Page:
Lack of real-time tracking of B.C. police-involved deaths leaves room for misconduct to spread

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      Two men have died during interactions with B.C. RCMP during the last week.

      On October 12, officers responded to a report of a man having injured himself on the highway outside of Qualicum, on Vancouver Island.

      Details are vague and much remains unknown about the circumstances surrounding the man’s death. So far, he’s only identified as a 35-year-old male.

      According to CBC News, the man was apprehended by RCMP officers, a struggled ensued, and at least one shot was fired by police. The man incurred injuries—it’s unclear whether they were self-inflicted, the result of the RCMP officers’ actions, or both. He was provided medical attention but died later in hospital.

      More recently, on October 17, a man who was likely from Alberta died during an interaction with B.C. RCMP in Revelstoke.

      According to the Vancouver Sun, the man was pulled over by police, pursued for a short time, and then contained in his vehicle. The confrontation continued for more than four hours. Eventually, the man was deemed unresponsive and police moved in. He died at the scene. The cause of death remains undetermined. The RCMP has said that no weapon was discharged at any point during the incident.

      It feels like more people have died during interactions with police in 2017 than in years previous. But that notion would take quite a bit of work to confirm or correct.

      There is no real-time tracking of police-involved deaths in B.C. or of the circumstances around the loss of life these statistics represent.

      Since 2015, the Georgia Straight has maintained a detailed database of every police-involved death in British Columbia.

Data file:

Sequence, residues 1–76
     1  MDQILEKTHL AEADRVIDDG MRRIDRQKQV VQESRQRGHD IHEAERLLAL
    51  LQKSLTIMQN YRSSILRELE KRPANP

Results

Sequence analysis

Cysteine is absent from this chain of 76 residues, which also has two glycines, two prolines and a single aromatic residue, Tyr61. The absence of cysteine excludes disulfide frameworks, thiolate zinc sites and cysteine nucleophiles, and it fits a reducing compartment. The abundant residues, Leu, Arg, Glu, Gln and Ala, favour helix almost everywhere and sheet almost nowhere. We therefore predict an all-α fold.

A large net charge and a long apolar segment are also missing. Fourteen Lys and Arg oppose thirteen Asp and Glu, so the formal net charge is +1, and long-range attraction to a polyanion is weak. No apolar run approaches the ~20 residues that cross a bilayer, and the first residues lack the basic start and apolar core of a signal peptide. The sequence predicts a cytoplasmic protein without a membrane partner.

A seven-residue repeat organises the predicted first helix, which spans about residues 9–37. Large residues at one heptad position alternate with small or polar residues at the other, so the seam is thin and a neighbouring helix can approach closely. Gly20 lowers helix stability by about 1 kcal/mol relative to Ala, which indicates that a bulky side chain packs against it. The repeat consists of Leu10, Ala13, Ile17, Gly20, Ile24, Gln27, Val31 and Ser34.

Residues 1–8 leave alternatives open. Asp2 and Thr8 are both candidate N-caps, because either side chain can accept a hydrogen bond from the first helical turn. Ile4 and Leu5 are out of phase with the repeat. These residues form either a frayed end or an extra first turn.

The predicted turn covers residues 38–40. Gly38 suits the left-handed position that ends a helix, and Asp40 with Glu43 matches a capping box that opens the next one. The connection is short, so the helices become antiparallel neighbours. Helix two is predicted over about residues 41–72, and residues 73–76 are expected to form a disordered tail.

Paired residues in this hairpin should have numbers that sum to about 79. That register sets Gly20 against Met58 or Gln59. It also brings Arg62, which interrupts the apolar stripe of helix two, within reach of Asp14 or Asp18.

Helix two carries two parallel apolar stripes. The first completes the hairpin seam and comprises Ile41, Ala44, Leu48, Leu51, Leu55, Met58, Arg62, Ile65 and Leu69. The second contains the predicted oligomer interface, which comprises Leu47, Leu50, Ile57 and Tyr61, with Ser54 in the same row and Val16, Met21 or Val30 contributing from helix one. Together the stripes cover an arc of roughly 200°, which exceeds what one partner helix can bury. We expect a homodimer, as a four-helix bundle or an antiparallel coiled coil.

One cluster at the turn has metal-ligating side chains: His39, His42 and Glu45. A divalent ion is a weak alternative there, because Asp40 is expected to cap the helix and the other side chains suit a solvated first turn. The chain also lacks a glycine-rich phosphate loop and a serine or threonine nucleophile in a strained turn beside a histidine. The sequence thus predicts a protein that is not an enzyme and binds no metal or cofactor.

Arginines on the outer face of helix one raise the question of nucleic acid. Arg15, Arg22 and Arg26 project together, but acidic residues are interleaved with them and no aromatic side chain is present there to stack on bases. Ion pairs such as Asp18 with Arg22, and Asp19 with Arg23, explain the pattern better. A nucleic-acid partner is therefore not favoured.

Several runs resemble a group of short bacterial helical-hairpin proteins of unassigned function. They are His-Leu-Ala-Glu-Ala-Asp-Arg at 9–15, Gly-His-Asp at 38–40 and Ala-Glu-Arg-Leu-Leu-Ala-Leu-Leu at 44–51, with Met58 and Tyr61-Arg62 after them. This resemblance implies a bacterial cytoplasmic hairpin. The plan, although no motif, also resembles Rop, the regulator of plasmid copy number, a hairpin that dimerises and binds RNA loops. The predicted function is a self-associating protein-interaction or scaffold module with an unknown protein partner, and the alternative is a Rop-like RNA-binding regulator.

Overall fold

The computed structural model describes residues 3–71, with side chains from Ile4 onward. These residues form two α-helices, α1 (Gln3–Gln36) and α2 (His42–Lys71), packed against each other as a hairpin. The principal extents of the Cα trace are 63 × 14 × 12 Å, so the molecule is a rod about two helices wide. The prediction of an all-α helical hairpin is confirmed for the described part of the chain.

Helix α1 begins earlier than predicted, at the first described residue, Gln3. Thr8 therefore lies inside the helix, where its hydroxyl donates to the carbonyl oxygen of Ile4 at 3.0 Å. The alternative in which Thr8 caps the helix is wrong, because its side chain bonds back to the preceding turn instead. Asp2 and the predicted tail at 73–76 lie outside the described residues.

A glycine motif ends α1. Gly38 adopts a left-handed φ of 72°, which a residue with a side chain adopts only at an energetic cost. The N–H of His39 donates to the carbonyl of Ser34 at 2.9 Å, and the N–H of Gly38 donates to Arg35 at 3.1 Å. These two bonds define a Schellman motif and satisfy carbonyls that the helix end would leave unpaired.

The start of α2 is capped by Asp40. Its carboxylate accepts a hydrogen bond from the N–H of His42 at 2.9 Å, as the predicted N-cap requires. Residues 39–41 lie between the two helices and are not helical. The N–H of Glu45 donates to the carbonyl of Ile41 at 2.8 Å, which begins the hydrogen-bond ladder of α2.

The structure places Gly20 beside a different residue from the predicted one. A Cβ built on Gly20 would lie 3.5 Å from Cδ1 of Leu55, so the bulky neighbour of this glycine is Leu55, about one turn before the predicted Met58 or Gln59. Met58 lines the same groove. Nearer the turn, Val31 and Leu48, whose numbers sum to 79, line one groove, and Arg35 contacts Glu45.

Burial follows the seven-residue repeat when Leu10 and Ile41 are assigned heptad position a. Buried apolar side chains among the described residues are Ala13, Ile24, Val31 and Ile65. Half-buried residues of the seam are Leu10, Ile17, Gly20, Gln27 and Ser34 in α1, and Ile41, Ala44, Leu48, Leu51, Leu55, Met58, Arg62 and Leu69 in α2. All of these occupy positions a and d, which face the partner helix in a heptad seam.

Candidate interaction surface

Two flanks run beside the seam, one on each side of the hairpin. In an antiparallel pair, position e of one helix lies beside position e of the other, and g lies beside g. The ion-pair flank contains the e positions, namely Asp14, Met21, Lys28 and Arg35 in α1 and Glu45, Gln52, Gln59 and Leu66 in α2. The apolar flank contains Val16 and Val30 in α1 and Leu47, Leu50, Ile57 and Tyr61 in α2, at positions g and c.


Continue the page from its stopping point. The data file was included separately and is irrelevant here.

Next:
The database remains available to the public. However, the last time it was updated was December 2016.

      That’s because the database heavily relied on information made available by the B.C. Coroners Service, and the coroners service is no longer as proactive about releasing details on police-involved deaths as it once was.

      As the Straight reported last June, the last time that the coroners service proactively disclosed information about a police-involved death was November 2016.

      Historically, any time that somebody in B.C. died during an interaction with police or in the custody of law enforcement or a B.C. prison, the coroners service sent out a short media release.

      Those documents included the date of the incident, the police department involved, and, if available, the name of the deceased. They also usually indicated whether or not a firearm was discharged.

      The coroners service said it stopped releasing that sort of information because a review of disclosure practices was underway. The Crown corporation would not provide a date for exactly when that change took effect, except to say that it was sometime in “early 2017”.

      Since 2015 the Straight has maintained a public database of civilian deaths that involve police or a B.C. prison.
      Travis Lupick

      On October 4, Andy Watson, a spokesperson for the coroners service, told the Straight that review had been completed and that the agency had revised guidelines for the release of information to media.

      Notably, the coroners service will not release identifying information until a formal investigation has reached its conclusion. That makes it more difficult for journalists to research specific police-involved deaths until long after the incident occurred.

      There is a second agency in B.C. that releases information about police-involved deaths. That’s the Independent Investigations Office of B.C. (IIOBC). But the information that office shares with the public uses different measures than those that were previously used by the coroners service. (For more about those differences and the coroners’ service change in policy, see “B.C. Coroners Service information blackout on police-involved deaths raises red flags for accountability”.)

      The Straight will continue to update its database of police-involved deaths in B.C. But the information there will now lag longer behind the dates of the incidents described. 

      Travis Lupick is a staff reporter and the author of Fighting for Space: How a Group of Drug Users Transformed One City's Struggle with Addiction. You can follow him on TwitterFacebook, and Instagram.